Thought Catalog

The First Heartbreak

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You stare at the chat window. It is white on white on white — oblivion’s vanishing point — this contemporary art piece. You can walk by or be kicked out by the guards for vagrancy. You are staying too long. Before: her sparse yeahs and okays accented with periods (always with periods, you notice) occasionally garnished with a colon and parenthesis, backslash. This is all so meager; she’s not giving you much because she cannot, she is not able. Wait for the is typing that never comes. Insert religio-jurisprudence metaphors: purgatory, final judgment, the jury she’s sleeping, not in session.

Try again tomorrow.

Today the sky is an unfinished quilt. Everything doesn’t fit; you’re walking around in a fitting room. You try to ignore the pins embedded in the carpet. Except: a couple gets out of their respective cars in the coffee shop parking lot. She embraces him. No, wait—kisses him, jumps, straddles him like she did on those old department store rides powered by coins—and this is the most beautiful thing you have seen in a while. You cry. You’re not used to the non-control. You turn your back not to be that sad guy. Wipe off your face, your coworker is driving you home, you don’t want to hear what’s wrong. But you want everyone to ask.

Send text messages to the great silence.

This emotional earthquake (you’ve never been in a real one, but the human body was designed for neither, you gather) that evening on the three-season porch shakes off your glasses, everything five-year-old-with-a-camera when you try and see. A shred of you wants to shake like this forever, like a sacred flame in a temple that floats only on water. In between the cry/gasp binary it’s cigarette like a snorkel: this will give me air. Zippo clicks like multiple smokers outside a bar, but no, still you and there is one in your hand one in your mouth, nevermind; it’s all early grade school math in the child-like now. The sobs administer novocaine to your nether regions, libido paused like a download. For a second you think you can’t feel anything below your eyes.

Everything now a scratched cornea.

It’s so new, a big deal, and you feel the clichés flowing through you like a human minted virus: you are so unique and alone, that no one gets you. Good news! — your heart is not a Stoic existential roadblock, you can feel like everyone else. You are nothing new. Using these ears of sadness and perception, you may finally decipher the words of For Emma, Forever Ago. You want to retreat to a cabin and embrace celibacy, become a monk in the cloister of your unkempt ego. You want to think there is no one else. You want to think that no one has ever thought this before, but you think about how everyone thinks that, even now. Well. You know how insignificant this really is; you know how catastrophic this really is.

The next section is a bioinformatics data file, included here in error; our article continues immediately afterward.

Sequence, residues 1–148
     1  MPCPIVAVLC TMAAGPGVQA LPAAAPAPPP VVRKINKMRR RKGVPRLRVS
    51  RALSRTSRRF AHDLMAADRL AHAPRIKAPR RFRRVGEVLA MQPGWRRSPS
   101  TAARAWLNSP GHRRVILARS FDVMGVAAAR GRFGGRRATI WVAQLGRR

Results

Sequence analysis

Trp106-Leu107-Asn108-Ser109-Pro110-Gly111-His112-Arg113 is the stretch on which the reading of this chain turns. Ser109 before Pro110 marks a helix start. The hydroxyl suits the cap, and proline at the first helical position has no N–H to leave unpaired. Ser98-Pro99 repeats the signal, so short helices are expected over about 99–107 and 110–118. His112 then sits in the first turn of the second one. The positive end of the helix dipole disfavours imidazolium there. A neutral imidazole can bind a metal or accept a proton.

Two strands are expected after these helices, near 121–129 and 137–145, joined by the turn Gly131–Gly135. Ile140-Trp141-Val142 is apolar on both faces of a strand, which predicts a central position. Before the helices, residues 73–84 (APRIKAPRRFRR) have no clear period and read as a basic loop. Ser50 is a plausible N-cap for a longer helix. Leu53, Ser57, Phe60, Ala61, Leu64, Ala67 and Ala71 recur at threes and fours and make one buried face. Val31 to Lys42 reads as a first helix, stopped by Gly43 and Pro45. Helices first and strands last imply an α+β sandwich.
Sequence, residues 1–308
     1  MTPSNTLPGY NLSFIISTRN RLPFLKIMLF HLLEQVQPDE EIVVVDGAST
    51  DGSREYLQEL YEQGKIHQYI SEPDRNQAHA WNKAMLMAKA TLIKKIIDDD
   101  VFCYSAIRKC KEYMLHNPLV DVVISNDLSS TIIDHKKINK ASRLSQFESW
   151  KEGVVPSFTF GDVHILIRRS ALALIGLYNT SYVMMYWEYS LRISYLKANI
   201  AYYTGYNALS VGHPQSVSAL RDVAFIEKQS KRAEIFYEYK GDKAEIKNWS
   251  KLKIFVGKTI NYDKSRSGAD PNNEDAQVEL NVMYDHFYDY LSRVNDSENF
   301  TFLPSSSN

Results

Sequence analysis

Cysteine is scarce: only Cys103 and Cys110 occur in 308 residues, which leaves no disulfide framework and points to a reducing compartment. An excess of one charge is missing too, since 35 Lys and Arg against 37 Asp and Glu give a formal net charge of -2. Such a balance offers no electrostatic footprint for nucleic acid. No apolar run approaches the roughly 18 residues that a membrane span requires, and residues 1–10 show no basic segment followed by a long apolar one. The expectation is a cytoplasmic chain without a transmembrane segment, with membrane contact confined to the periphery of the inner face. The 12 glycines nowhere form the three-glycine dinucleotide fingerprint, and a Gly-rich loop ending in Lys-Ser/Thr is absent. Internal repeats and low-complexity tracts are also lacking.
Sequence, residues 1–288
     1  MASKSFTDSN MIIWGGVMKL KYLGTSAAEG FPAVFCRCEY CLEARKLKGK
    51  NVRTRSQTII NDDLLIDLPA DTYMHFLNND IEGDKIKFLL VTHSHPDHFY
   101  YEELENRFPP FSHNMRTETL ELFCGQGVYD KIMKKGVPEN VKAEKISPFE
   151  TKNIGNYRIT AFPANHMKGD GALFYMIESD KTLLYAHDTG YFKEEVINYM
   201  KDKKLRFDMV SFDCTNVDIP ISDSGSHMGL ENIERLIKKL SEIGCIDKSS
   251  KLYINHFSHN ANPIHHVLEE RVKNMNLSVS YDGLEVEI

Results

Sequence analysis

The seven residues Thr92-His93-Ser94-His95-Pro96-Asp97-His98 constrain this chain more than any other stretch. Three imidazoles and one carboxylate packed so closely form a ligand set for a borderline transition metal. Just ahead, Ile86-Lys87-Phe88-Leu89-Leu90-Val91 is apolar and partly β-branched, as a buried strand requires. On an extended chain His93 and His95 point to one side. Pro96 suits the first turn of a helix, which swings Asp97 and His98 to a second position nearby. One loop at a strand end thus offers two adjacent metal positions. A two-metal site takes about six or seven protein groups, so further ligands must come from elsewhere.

You are no cartographer. TC mark

image – Helga Weber
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  • Cassandra Gonzalez


  • Dsadsa

    what did you say again?

  • Sophia

    loooved this. love how you captured the way that during heartbreak life seems simultaneously like a giant cliché and like an experience no one in the world has ever had before.

  • Karen

    For such an eloquent piece, I have only these simple words that are sincere despite how they sound insufficient and unsophisticated…

    I feel you, bro.

  • Alexa Thompson

    Touching. This may be the start of a new era of romantic literature – romance in the age of technology. It may be sad but it is certainly true: so much of our communication has become via text. How do you decipher what a person means when they type? Somehow we can just feel it. Great piece. 

  • SusanDerkins

    The paradox of the crash. Exactly what I was dissecting this morning. 

  • Asdf

    I view all my comments with the same gusto outlined in the opening paragraph: oblivion’s vanishing point.

    …This was a beautiful piece.

  • Jenny

    This is beautiful. Not a big fan of the Internet communication though

  • guest

    super pretentious writing. a billion adjectives and a thesaurus doesn’t make you a skilled writer.

    • Stefan

      eh, I think it has its moments, but there also seemed to be a bunch of distracting nonsense which ruined it for me. I mean, I guess it’s ok, in that way that he’s writing about heartbreak and things are sad, and everybody is really into those, but otherwise I thought it could use some work to be more than “eh, sure, it’s ok…”

    • EP

      Yet describing something as “super ____” shows you know how to describe a number of topics and feelings with great detail.

  • Jordana Bevan

    someday my pain; someday my pain

  • Anonymous

    It’s a mood, a terrible terrible mood. 

    -Referring to:

  • IndianapolisChick

    It has it moments… stop trying to make it sound so good. Get out of your own way and it would be much more poignant. 

  • Luke Finsaas


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